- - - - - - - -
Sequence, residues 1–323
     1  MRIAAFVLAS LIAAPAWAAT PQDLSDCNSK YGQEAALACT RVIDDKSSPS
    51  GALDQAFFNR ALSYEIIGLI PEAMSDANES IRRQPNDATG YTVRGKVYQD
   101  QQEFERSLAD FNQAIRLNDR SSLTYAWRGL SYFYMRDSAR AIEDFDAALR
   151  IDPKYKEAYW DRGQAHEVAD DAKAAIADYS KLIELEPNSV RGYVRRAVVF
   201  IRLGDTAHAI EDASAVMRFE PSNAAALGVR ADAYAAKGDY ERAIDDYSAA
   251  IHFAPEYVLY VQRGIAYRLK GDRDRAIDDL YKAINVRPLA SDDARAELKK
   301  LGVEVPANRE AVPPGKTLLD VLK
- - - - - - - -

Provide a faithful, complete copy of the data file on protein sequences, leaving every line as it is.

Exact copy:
Sequence, residues 1–323
     1  MRIAAFVLAS LIAAPAWAAT PQDLSDCNSK YGQEAALACT RVIDDKSSPS
    51  GALDQAFFNR ALSYEIIGLI PEAMSDANES IRRQPNDATG YTVRGKVYQD
   101  QQEFERSLAD FNQAIRLNDR SSLTYAWRGL SYFYMRDSAR AIEDFDAALR
   151  IDPKYKEAYW DRGQAHEVAD DAKAAIADYS KLIELEPNSV RGYVRRAVVF
   201  IRLGDTAHAI EDASAVMRFE PSNAAALGVR ADAYAAKGDY ERAIDDYSAA
   251  IHFAPEYVLY VQRGIAYRLK GDRDRAIDDL YKAINVRPLA SDDARAELKK
   301  LGVEVPANRE AVPPGKTLLD VLK